3. The mp3s posted on this blog are ripped from vinyl and shellac (often in not very good condition) by non-professionals using basic equipment. They are for home use and are not of a standard which is suitable for selling. Anyone paying for these mp3s would be justified in feeling that they were not getting value for their money.

Here's an example of that last point. Two mp3 downloads of Buster Brown and B. Brown - one from a commercial reissue company, Jasmine. The other taken from this blog:

Jasmine version - 28 tracks, sleevenotes, professional production. Cost = £6.49 for a download or £6.55 for the CD from Marketplace.

TP4 version taken from Be Bop Wino - 15 tracks, many ripped from crackly 45s by Joan, this blog's longest standing contributor. Amateur cover art by myself which took about 5 minutes to produce. Cost = £5.49.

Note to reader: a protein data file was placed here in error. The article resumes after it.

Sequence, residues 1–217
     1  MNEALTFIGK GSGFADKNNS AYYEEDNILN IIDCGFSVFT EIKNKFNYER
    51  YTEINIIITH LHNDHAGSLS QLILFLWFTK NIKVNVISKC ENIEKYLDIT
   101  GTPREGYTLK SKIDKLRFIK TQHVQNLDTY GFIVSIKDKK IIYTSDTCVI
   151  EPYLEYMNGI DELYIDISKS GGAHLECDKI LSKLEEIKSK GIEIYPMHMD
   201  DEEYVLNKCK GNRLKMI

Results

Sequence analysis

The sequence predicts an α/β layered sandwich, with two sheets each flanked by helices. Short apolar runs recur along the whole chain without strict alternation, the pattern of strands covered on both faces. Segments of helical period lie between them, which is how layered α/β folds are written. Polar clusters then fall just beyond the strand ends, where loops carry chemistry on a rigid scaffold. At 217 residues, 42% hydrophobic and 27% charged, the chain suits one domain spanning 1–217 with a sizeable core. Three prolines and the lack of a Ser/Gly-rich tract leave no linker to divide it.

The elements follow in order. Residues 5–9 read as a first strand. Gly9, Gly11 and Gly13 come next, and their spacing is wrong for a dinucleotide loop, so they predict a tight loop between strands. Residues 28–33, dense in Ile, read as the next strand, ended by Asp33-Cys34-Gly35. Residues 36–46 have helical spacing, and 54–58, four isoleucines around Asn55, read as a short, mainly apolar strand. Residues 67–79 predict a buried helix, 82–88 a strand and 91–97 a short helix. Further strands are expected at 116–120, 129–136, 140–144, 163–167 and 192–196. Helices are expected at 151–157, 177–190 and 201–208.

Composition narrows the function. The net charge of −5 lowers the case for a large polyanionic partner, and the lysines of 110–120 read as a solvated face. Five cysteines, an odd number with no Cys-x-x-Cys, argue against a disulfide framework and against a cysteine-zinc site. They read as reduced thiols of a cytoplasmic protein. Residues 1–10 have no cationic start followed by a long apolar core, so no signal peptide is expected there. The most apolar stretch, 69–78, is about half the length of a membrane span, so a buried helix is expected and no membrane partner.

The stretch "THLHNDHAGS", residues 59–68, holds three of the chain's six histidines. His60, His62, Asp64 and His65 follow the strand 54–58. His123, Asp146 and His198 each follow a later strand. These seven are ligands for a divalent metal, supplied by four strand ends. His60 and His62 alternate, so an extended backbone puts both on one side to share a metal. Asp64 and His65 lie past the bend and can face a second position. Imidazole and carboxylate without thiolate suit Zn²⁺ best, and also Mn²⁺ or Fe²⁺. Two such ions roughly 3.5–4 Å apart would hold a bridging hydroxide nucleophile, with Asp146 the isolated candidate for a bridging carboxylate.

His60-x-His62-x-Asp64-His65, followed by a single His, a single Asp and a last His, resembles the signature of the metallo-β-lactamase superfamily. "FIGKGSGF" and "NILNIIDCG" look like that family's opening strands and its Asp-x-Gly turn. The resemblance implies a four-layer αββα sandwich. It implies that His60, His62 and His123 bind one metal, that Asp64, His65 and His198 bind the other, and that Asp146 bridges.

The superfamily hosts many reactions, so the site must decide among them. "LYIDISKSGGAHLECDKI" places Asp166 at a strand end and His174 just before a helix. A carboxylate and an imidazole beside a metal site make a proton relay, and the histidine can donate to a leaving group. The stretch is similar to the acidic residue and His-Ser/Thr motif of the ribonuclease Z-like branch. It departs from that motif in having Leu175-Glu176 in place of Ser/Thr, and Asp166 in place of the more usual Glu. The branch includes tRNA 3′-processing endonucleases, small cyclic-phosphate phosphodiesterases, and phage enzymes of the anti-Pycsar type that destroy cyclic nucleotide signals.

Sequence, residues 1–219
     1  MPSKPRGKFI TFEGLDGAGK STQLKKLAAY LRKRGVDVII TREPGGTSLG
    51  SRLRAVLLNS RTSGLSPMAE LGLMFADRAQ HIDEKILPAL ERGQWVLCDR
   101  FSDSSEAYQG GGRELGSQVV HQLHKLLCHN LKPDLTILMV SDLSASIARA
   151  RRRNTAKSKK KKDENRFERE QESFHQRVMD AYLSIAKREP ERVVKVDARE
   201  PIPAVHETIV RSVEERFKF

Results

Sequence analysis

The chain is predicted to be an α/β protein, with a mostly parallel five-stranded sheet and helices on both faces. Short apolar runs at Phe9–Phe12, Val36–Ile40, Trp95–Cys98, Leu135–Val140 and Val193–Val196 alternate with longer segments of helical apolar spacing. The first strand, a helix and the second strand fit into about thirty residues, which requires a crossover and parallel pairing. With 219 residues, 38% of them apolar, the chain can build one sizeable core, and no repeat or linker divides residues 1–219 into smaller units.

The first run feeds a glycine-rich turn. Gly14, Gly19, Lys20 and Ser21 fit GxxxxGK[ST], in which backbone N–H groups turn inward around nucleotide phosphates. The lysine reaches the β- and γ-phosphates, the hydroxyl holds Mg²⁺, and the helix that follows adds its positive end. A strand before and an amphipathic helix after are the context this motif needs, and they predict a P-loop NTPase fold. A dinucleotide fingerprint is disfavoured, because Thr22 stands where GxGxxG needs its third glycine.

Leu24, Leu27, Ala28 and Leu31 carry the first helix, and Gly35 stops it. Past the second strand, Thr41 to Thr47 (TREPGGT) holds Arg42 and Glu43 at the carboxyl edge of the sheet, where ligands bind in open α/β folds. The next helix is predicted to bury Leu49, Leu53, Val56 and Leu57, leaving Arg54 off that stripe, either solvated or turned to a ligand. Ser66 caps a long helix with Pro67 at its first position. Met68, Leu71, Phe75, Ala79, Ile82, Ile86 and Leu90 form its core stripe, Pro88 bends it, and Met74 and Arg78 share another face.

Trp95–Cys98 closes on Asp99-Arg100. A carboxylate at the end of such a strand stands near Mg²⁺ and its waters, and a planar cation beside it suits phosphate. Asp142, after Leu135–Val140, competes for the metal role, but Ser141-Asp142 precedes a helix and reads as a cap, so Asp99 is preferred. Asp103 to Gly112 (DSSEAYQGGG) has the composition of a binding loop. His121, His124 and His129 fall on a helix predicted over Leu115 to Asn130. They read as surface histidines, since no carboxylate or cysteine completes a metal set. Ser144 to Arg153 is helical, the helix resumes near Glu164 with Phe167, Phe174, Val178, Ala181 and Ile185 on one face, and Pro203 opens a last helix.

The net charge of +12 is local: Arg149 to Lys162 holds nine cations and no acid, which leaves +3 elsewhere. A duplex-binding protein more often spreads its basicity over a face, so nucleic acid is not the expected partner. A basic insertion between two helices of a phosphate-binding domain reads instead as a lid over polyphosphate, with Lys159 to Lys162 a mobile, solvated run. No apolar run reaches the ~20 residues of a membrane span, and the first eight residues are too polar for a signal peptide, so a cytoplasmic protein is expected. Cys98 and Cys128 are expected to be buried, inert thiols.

It's no contest. The Jasmine CD (which was recommended on the Be Bop Wino post) wins by a mile, as does the Jasmine download. In this case the TP4 download looks like a ripoff. Caveat emptor.

The rips on Be Bop Wino were never intended to be used for commercial gain. They were not created to compete with music reissue companies, and are not of a commercial standard.

There is no link whatsoever between this blog and companies offering music from here for sale. This was done entirely without my knowledge or approval. If asked, I certainly would not have approved of the selling of any material from this blog.

At the moment I am undecided on whether I should continue to post albums. The fact that people are waiting to scoop up the music and use it to profit from the efforts of myself and other enthusiasts is a real joykiller. It takes the fun out of blogging and fun was the reason I started Be Bop Wino.

Sunday, 18 September 2016

Sonny Boy Williamson - Chess Masters

Side 1:
01. Don't Start Me To Talkin'
02. I Don't Know
03. All My Love In Vain
04. The Key (To Your Door)
05. Keep It To Yourself
06. Dissatisfied

Side 2:
01. Fattening Frogs For Snakes
02. Wake Up Baby